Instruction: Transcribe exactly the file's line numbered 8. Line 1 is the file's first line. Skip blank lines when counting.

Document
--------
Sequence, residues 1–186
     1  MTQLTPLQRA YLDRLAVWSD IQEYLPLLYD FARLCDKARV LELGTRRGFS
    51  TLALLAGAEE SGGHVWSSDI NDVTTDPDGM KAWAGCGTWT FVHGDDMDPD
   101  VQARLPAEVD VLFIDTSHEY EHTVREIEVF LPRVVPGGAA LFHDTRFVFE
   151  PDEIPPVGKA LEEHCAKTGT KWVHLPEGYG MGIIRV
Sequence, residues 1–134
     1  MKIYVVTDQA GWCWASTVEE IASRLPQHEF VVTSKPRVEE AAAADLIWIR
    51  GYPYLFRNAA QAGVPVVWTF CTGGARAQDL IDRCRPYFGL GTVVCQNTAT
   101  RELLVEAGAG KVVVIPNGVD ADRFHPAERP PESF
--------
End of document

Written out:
    51  GYPYLFRNAA QAGVPVVWTF CTGGARAQDL IDRCRPYFGL GTVVCQNTAT